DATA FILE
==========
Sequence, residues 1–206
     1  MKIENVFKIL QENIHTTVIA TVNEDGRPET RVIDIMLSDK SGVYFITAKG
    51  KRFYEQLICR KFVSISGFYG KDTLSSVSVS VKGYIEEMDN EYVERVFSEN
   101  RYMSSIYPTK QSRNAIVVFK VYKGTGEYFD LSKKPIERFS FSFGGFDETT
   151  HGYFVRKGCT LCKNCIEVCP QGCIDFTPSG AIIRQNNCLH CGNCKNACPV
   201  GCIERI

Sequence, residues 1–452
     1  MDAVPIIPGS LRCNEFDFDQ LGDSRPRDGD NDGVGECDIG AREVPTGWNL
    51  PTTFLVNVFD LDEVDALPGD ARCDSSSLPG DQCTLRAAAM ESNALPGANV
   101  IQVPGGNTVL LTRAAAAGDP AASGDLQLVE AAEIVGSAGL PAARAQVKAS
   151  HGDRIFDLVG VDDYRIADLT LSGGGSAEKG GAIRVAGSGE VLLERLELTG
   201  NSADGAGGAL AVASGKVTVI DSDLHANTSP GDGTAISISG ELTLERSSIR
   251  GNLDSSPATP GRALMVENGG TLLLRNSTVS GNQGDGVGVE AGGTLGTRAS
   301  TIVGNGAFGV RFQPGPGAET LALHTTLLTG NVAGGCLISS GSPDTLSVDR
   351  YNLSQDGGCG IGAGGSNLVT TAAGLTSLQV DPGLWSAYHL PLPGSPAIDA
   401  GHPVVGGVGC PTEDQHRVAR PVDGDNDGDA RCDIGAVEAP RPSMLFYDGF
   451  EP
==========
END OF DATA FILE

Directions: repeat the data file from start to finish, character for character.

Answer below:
Sequence, residues 1–206
     1  MKIENVFKIL QENIHTTVIA TVNEDGRPET RVIDIMLSDK SGVYFITAKG
    51  KRFYEQLICR KFVSISGFYG KDTLSSVSVS VKGYIEEMDN EYVERVFSEN
   101  RYMSSIYPTK QSRNAIVVFK VYKGTGEYFD LSKKPIERFS FSFGGFDETT
   151  HGYFVRKGCT LCKNCIEVCP QGCIDFTPSG AIIRQNNCLH CGNCKNACPV
   201  GCIERI

Sequence, residues 1–452
     1  MDAVPIIPGS LRCNEFDFDQ LGDSRPRDGD NDGVGECDIG AREVPTGWNL
    51  PTTFLVNVFD LDEVDALPGD ARCDSSSLPG DQCTLRAAAM ESNALPGANV
   101  IQVPGGNTVL LTRAAAAGDP AASGDLQLVE AAEIVGSAGL PAARAQVKAS
   151  HGDRIFDLVG VDDYRIADLT LSGGGSAEKG GAIRVAGSGE VLLERLELTG
   201  NSADGAGGAL AVASGKVTVI DSDLHANTSP GDGTAISISG ELTLERSSIR
   251  GNLDSSPATP GRALMVENGG TLLLRNSTVS GNQGDGVGVE AGGTLGTRAS
   301  TIVGNGAFGV RFQPGPGAET LALHTTLLTG NVAGGCLISS GSPDTLSVDR
   351  YNLSQDGGCG IGAGGSNLVT TAAGLTSLQV DPGLWSAYHL PLPGSPAIDA
   401  GHPVVGGVGC PTEDQHRVAR PVDGDNDGDA RCDIGAVEAP RPSMLFYDGF
   451  EP